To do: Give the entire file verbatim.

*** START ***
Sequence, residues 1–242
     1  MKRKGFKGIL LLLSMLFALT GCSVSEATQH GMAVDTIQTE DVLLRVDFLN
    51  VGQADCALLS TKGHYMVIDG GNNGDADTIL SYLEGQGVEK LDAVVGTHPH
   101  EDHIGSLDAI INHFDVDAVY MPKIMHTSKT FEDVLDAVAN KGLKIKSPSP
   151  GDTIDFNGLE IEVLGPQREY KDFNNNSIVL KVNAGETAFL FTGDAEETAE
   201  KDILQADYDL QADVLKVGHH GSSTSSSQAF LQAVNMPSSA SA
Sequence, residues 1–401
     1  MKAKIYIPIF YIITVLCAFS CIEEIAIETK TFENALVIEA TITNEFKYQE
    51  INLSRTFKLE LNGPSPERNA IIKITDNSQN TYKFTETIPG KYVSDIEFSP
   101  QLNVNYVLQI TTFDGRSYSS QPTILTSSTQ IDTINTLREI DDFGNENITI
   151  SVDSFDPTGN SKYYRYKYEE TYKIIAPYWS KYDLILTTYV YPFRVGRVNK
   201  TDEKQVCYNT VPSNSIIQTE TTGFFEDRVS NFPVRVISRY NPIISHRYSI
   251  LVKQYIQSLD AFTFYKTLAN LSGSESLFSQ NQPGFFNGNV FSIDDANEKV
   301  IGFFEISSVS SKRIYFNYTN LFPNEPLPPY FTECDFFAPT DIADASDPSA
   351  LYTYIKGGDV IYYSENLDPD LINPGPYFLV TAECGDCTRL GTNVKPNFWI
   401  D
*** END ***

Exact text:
Sequence, residues 1–242
     1  MKRKGFKGIL LLLSMLFALT GCSVSEATQH GMAVDTIQTE DVLLRVDFLN
    51  VGQADCALLS TKGHYMVIDG GNNGDADTIL SYLEGQGVEK LDAVVGTHPH
   101  EDHIGSLDAI INHFDVDAVY MPKIMHTSKT FEDVLDAVAN KGLKIKSPSP
   151  GDTIDFNGLE IEVLGPQREY KDFNNNSIVL KVNAGETAFL FTGDAEETAE
   201  KDILQADYDL QADVLKVGHH GSSTSSSQAF LQAVNMPSSA SA
Sequence, residues 1–401
     1  MKAKIYIPIF YIITVLCAFS CIEEIAIETK TFENALVIEA TITNEFKYQE
    51  INLSRTFKLE LNGPSPERNA IIKITDNSQN TYKFTETIPG KYVSDIEFSP
   101  QLNVNYVLQI TTFDGRSYSS QPTILTSSTQ IDTINTLREI DDFGNENITI
   151  SVDSFDPTGN SKYYRYKYEE TYKIIAPYWS KYDLILTTYV YPFRVGRVNK
   201  TDEKQVCYNT VPSNSIIQTE TTGFFEDRVS NFPVRVISRY NPIISHRYSI
   251  LVKQYIQSLD AFTFYKTLAN LSGSESLFSQ NQPGFFNGNV FSIDDANEKV
   301  IGFFEISSVS SKRIYFNYTN LFPNEPLPPY FTECDFFAPT DIADASDPSA
   351  LYTYIKGGDV IYYSENLDPD LINPGPYFLV TAECGDCTRL GTNVKPNFWI
   401  D